History of the World Energy Congress

The origins of the World Energy Congress date back to shortly after the First World War, when visionary Scotsman Daniel Dunlop decided to bring together leading energy experts to discuss current and emerging energy issues. 

Founded in the aftermath of war, it has withstood many changes, from geopolitical and economic upheavals to a complete shift in the way people understand and use energy. It has had to adapt to a changing world without ever straying from the initial concept of an organisation that is impartial, objective and realistic in its analyses and in its agendas for action in order to promote sustainable energy for all.

Then called the World Power Conference, the first event was held in London in 1924 and was attended by 1,700 delegates from 40 countries. Since then, and with editions all over the globe, the World Energy Congress has become a world-class stage for the global energy community.

2023 marks 100 years of the World Energy Council delivering global and regional impact. Beyond changing its name, the Council has built a deeply local and globally networked energy community of over 3,000 member organisations in around 90 countries. The most recent World Energy Congress was held in Abu Dhabi in 2019 and brought together over 18,000 attendees from 146 countries. In 2024, exactly 100 years after the first event in London, the 26th World Energy Congress will be held in Rotterdam.

World Energy Congress: Fast Facts


Daniel Dunlop originally wanted to initiate a World Economic Conference, as opposed to a World Power Conference.


The first World Power Conference, held in 1924, was: “to consider the future of energy resources” – H.G Wells


The Berlin 1930 Conference had a particularly notable set of speakers: Albert Einstein lectured on “The Space, Field and Ether Problem in Physics”. Sir Arthur Eddington – a distinguished astrophysicist who first explained Einstein’s theory of relativity in English and led the first expedition to confirm it – said that, in the future, “subatomic energy would provide the plain diet for engines previously pampered with delicacies like coal and oil”.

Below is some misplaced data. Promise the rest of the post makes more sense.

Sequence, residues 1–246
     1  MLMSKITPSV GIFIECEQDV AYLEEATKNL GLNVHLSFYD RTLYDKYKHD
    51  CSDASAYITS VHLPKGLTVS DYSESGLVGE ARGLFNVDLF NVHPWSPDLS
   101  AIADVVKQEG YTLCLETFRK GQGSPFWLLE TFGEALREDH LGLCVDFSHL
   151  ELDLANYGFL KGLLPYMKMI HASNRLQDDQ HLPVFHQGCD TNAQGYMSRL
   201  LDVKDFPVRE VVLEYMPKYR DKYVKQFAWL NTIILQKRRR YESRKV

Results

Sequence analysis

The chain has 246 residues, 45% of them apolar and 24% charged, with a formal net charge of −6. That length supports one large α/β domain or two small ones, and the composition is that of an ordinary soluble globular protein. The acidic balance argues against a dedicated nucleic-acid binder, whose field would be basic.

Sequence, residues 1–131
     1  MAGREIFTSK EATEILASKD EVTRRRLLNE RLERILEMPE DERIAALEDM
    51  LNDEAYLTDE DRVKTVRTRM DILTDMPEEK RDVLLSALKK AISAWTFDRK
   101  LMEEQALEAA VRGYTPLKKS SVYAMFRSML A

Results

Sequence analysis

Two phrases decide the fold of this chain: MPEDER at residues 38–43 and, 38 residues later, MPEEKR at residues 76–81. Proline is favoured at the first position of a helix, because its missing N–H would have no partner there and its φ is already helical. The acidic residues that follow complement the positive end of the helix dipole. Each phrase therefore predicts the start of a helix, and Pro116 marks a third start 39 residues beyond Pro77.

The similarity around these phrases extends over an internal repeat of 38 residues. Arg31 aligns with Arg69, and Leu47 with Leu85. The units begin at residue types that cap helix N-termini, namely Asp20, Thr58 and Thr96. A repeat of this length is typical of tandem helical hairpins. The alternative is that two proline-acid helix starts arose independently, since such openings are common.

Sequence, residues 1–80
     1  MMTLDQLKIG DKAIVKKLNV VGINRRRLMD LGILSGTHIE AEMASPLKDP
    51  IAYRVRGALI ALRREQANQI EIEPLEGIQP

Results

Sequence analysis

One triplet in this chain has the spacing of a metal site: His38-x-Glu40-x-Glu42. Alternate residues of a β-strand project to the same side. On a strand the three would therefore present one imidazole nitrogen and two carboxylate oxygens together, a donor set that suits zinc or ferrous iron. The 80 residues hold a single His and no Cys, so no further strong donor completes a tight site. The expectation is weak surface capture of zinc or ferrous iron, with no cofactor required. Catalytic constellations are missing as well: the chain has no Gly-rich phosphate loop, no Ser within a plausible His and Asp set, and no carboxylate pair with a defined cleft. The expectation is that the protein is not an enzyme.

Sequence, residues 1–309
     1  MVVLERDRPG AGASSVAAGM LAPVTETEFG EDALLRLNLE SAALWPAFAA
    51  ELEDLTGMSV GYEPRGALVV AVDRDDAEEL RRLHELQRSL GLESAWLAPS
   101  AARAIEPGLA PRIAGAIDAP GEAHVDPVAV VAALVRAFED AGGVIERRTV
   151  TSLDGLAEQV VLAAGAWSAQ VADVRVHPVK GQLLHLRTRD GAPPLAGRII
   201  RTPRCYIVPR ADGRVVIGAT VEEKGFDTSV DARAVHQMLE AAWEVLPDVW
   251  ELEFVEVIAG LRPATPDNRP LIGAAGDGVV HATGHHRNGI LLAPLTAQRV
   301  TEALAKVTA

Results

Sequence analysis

As early as 1936, the World Power Conference stressed the importance of energy for development and social equity.


In 1947, the United Nations granted the World Power Conference consultancy status, and in 1968 the organisation was formally rechristened the World Energy Conference.


The 9th World Energy Conference, held in Detroit in 1974, attracted 4,000 delegates from 69 countries. U.S. President Gerald Ford said in his opening statement: “No single country can solve the energy problem by itself”.


At the 1977 World Energy Conference in Istanbul, half of the OPEC nations, including Saudi Arabia, were absent.

1970s & 1980s

In the late 1970s and early 1980s, the World Energy Conference focused on the development of the best mix of energy resources, against a backdrop of increasingly vocal environmental groups protesting against nuclear risk and pollution from conventional fuels.


‘Energy Olympics’, the nickname for the World Energy Congress, was first referred to at the 1980 Munich Congress by the Mayor of Munich.


In the early 1990s, sustainability came to the fore at the World Energy Conference, a precursor to the signing of the Kyoto Protocol in 1997.


Pierre Gadonneix, World Energy Council Chair from 2007 to 2013, said: “The need for a strong global governance of energy is more important than ever.” Gadonneix recalled Dunlop’s original vision of international cooperation and mutual understanding of expertise, expectations and demands. The World Energy Council continues to be, in H. G. Wells’ 1924 phrase, “a breath of common sense” in a global age.


As Marie-José Nadeau, World Energy Council Chair from 2013 to 2016, said: “In a world where most non-governmental organisations have clear partisan agendas, the World Energy Council stands out as a unique umbrella grouping that represents a wide range of beliefs and views, yet united in the belief that energy provides unprecedented benefits to mankind.”


The World Energy Council’s 100th anniversary celebrates its long history whilst sowing the seeds for a cleaner, better future. As Angela Wilkinson, Secretary General and CEO of the World Energy Council since 2019, said: “In every crisis lies the seeds of opportunity. Our job is to plant and grow them.”

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